Prenatal Sleep Focus Group Study

Below is a description of our focus group findings. Links to the scientific article describing the focus groups are to the right.

Why did we do this study?

  • Many pregnant people have problems sleeping, often due to physical discomfort and having a busy mind. However, there is little research on how to improve prenatal sleep, and most of this research doesn’t focus on physical discomfort and having a busy mind.
  • Mindfulness-based interventions have been shown to help coping with discomfort and quieting a busy mind.  Because of this, we thought that a mindfulness-based intervention could help pregnant people cope with the physical discomfort and worries that tend to disturb their sleep.
  • Before developing our mindfulness-based intervention, we wanted to learn more about pregnant people’s experiences with poor sleep and what they would want our program to look like. To do this, we conducted focus groups and interviews with pregnant and postpartum people who experienced poor sleep during pregnancy.
  • In this paper, we describe the main themes and takeaways that came up during these focus groups and interviews.

What was involved in the study?

  • Pregnant participants completed a focus group with other pregnant participants. Postpartum participants completed an interview with Dr. Felder. 
  • Participants were asked about sleep during pregnancy, their interest in a mindfulnes program for improving sleep during pregnancy, what format they would want the program delivered in, and what content they would want the program to address. 

Who participated?

  • There were 15 participants in this study (12 were pregnant, 3 were postpartum).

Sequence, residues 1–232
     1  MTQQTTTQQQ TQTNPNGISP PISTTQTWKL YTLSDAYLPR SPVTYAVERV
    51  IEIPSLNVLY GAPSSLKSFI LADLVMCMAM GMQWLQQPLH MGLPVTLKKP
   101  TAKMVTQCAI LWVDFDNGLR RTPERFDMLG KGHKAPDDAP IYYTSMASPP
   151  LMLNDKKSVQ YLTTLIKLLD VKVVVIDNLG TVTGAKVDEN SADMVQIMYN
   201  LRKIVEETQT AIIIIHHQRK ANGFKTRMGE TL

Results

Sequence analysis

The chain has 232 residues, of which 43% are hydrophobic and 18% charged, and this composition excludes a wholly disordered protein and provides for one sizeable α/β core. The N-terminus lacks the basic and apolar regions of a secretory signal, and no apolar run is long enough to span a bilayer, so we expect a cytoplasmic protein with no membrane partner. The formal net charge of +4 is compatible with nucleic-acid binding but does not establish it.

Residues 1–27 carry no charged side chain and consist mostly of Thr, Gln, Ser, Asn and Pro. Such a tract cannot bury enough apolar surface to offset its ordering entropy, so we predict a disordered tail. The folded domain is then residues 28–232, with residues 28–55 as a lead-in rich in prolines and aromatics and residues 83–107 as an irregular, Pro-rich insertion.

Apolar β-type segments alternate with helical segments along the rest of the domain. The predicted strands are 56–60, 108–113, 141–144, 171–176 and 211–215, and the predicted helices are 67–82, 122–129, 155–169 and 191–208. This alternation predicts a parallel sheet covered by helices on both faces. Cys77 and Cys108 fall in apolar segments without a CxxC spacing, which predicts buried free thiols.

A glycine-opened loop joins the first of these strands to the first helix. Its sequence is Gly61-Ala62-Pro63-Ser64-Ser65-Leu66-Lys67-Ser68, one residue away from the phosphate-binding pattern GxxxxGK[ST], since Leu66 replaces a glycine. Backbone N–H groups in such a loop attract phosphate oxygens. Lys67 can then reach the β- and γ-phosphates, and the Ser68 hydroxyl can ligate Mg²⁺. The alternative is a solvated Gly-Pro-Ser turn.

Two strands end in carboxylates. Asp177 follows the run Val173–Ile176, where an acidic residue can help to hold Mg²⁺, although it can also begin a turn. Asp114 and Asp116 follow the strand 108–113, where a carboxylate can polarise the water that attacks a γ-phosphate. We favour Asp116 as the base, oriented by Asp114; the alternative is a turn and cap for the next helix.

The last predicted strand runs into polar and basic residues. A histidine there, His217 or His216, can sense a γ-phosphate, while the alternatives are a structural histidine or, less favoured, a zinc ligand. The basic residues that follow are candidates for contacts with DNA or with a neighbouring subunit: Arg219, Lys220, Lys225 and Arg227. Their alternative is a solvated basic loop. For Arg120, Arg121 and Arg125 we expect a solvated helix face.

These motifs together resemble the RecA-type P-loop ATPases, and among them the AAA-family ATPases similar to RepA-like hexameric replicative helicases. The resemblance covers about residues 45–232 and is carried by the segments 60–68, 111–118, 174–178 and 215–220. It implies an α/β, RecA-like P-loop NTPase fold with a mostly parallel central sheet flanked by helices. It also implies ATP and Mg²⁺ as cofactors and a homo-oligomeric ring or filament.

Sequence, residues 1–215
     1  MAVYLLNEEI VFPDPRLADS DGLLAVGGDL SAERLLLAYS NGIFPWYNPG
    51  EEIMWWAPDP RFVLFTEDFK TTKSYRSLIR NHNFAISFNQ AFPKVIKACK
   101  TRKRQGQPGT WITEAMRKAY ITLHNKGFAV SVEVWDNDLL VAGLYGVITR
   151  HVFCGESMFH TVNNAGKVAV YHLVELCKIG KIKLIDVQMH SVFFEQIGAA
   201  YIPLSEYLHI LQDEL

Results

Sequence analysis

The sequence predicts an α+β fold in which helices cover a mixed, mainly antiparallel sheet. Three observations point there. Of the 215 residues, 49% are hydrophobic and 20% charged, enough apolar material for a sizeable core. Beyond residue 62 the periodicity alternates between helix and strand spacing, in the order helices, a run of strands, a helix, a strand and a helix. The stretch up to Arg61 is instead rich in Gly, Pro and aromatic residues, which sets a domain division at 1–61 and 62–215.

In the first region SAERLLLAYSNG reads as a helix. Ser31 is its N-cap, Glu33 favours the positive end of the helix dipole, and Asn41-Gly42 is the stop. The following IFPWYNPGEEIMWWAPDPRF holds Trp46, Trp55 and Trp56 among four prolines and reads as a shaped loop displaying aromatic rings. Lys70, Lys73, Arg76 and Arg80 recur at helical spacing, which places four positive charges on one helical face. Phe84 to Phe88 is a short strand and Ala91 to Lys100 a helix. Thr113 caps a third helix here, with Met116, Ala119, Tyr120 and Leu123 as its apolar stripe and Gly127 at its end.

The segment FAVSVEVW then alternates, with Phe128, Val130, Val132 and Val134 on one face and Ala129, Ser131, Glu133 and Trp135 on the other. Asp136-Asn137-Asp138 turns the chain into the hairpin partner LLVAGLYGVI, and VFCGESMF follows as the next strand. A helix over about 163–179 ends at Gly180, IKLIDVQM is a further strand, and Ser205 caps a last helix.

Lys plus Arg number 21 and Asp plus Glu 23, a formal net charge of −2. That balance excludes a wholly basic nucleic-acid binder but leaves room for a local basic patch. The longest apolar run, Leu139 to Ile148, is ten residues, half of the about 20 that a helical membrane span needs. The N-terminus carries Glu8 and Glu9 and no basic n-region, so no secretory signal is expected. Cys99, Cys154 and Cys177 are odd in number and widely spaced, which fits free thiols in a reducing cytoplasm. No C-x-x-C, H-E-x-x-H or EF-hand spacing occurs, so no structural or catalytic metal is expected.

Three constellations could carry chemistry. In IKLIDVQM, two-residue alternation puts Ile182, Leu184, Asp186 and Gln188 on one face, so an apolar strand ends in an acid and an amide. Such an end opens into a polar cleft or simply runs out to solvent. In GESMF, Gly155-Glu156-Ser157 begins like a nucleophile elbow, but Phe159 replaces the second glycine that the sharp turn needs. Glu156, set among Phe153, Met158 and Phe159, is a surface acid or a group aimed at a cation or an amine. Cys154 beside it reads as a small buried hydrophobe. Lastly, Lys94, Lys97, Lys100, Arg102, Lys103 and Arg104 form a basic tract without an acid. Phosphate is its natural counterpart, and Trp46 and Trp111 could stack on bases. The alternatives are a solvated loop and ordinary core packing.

• All participants were based in the Bay Area.

What did we find?

  • Participants were frustrated that their sleep problems during pregnancy were ignored and dismissed, and that it was hard to find helpful information about how to improve sleep.
  • Participants were interested in a group mindfulness program for improving sleep during pregnancy, and liked the idea of a program that involved both in-person and online sessions. (Note that we collected the majority of our data prior to COVID.)
  • Participants wanted information about sleep during pregnancy and tools for improving their sleep. Most participants preferred a program focused mainly on sleep, as opposed to one focused on childbirth, parenting, and sleep.

Why is this important?

  • These findings suggest that sleep disturbance is a major concern during pregnancy.
  • A mindfulness program could improve sleep during pregnancy and meet needs that are often neglected.

What’s next?

  • Based on the results from this study, we are testing an 8-week online mindfulness program for improving sleep during pregnancy in a sample of 50 pregnant people.


  • We are so grateful for the time our participants spent sharing their experiences and opinons with us.
  • We believe that because of them, this research will improve the lives of those struggling with sleep problems during pregnancy.